Who exactly is my mother-in-law’s son, is it my husband or my brother in law? When posed that question, the author answered, read the book and find out.
It’s a clever title, for it reflects the identity one holds whether we like it or not. After all, we are always somebody’s husband/wife, daughter/son or other relations. And if that somebody happens to be famous, the identity would be linked. In one year’s time, would you know who is Amal Alamuddin? But you’ll probably know George Cloony’s wife.
In this book, my mother-in-law’s son is the protagonist’s husband, Wong Kum Chong, a weak man who, when at home is dominated by his mother, and is known as his father’s son when in public. Set in post war Singapore 1950, it tells the tale of Swee Gek, a poor, English-educated Paranakan woman who married into a rich, Chinese family. Her life would have been perfect if not for her failure to provide a male heir, and instead gave birth to four daughters, one who died at infancy.
Kum Chong, a teacher in a Chinese school, is recruited unknowingly by the Communist party to front the Best Education Society, BESOC, in order to persuade the British to fund the Chinese schools, as well as Tamil and Malay schools, but the real purpose is to use the Chinese school to disrupt order and show the incompetency of the British colonial government.
Caught in the backdrop of domestic bickering between his mother and wife, Kum Chong would rather spend time in nightclubs in the company of prostitutes. Swee Gek, a prisoner at the Wong’s home, yearns to be free of her marriage but has no means of supporting herself or her daughters, until one day when she is banished from the house and meets her schoolmate, Cecilia, a Eurasian girl with freedom and money to help her.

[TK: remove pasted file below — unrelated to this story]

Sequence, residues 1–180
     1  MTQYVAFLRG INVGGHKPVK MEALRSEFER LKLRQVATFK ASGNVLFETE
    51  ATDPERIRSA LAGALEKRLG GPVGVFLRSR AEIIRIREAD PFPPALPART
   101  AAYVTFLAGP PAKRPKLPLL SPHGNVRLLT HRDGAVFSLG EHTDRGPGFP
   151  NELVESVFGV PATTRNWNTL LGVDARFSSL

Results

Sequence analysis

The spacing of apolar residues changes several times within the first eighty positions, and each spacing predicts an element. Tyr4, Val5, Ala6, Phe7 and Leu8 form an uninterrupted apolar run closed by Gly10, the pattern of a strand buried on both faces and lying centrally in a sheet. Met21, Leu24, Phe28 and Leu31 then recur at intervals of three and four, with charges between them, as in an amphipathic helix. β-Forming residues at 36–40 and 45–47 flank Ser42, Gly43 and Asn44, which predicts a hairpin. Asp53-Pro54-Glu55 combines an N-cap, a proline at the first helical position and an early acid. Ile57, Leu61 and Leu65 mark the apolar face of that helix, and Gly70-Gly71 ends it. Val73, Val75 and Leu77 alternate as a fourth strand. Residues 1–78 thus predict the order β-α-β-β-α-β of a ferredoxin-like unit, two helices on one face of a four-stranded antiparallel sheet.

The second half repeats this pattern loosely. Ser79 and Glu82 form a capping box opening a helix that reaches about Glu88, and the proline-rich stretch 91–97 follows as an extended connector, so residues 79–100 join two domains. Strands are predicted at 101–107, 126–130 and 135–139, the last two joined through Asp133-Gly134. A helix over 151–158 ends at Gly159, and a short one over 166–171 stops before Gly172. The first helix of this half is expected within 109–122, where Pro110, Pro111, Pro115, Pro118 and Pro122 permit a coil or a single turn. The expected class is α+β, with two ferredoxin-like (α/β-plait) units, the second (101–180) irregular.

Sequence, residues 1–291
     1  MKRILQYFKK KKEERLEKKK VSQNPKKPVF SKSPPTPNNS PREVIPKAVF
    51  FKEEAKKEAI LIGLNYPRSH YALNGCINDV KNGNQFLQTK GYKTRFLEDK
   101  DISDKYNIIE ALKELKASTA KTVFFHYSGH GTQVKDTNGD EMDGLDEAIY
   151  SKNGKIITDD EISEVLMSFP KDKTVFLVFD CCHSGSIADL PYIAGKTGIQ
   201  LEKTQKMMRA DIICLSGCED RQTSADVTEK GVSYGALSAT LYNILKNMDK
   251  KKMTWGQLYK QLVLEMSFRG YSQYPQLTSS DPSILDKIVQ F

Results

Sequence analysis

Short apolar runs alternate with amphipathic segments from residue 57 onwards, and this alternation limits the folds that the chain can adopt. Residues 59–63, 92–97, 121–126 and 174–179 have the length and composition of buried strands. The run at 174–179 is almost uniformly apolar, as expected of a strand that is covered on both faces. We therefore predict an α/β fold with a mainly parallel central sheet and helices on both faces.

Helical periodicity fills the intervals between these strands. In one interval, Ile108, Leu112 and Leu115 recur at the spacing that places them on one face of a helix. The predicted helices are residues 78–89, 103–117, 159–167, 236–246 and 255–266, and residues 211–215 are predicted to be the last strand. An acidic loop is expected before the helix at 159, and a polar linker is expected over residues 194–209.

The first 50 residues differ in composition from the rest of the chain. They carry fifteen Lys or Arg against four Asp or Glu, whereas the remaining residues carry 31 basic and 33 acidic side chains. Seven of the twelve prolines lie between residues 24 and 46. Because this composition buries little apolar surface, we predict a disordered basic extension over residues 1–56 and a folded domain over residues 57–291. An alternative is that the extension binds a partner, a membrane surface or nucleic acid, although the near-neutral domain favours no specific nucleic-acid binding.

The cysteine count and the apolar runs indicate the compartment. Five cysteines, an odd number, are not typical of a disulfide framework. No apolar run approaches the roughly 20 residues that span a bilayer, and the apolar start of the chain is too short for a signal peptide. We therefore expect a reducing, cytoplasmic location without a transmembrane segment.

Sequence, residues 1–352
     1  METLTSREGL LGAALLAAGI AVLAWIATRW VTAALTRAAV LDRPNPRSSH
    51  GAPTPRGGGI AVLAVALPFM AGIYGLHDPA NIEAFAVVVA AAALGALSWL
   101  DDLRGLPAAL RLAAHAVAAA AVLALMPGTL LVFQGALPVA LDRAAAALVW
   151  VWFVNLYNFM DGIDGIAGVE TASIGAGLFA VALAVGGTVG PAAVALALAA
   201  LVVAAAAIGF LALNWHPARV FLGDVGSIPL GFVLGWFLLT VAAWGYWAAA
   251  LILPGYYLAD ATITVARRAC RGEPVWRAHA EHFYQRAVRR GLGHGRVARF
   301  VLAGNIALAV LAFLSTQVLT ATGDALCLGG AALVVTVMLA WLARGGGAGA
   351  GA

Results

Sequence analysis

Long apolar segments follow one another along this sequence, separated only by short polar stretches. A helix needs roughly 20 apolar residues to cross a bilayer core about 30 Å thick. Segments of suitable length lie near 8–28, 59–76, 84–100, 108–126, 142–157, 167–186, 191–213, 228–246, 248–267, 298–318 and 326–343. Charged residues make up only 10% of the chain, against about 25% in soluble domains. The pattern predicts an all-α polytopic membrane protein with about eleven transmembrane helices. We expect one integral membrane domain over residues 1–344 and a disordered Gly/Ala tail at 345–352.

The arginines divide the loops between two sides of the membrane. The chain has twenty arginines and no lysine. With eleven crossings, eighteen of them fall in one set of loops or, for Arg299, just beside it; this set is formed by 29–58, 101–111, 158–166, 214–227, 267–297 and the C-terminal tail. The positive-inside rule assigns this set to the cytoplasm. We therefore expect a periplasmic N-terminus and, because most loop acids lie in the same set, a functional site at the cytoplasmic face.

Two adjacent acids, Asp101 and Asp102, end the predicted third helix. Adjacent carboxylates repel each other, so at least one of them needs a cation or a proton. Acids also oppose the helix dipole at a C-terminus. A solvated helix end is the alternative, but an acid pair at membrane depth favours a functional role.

I can’t make up my mind if I like Swee Gek or not. Her husband guards her beauty jealously and refuses to let her step out of the house, and I understand he has reasons to, since both men who happens to meet her, they develop mutual attractions to each other. First attraction is to Teng, the communist who recruited her husband, and then to Daniel, the British friend of Cecilia. Reading about Swee Gek and Daniel’s one week’s sexual roam made me worry for her. After all, contraception is not used during that period. What would she do if she were to become pregnant with a half breed?
Most modern households in Singapore no longer have mother-in-laws from hell, but reading this book reminds me of the mother-in-laws in Korean dramas which apparently is still pretty common nowadays.
This is the most daring local literature I have read, with scenes of sex described although not that explicitly. Many of the descriptions about 1950s colonial Singapore that were described in her other book Kampong Spirit Gotong Royong were also repeated here, like the village life and the ubiquitous five-foot-ways. The dialogues, sounding Singlish but still understandable, make the reading intimate and familiar.
Still, an enjoyable book to pass time.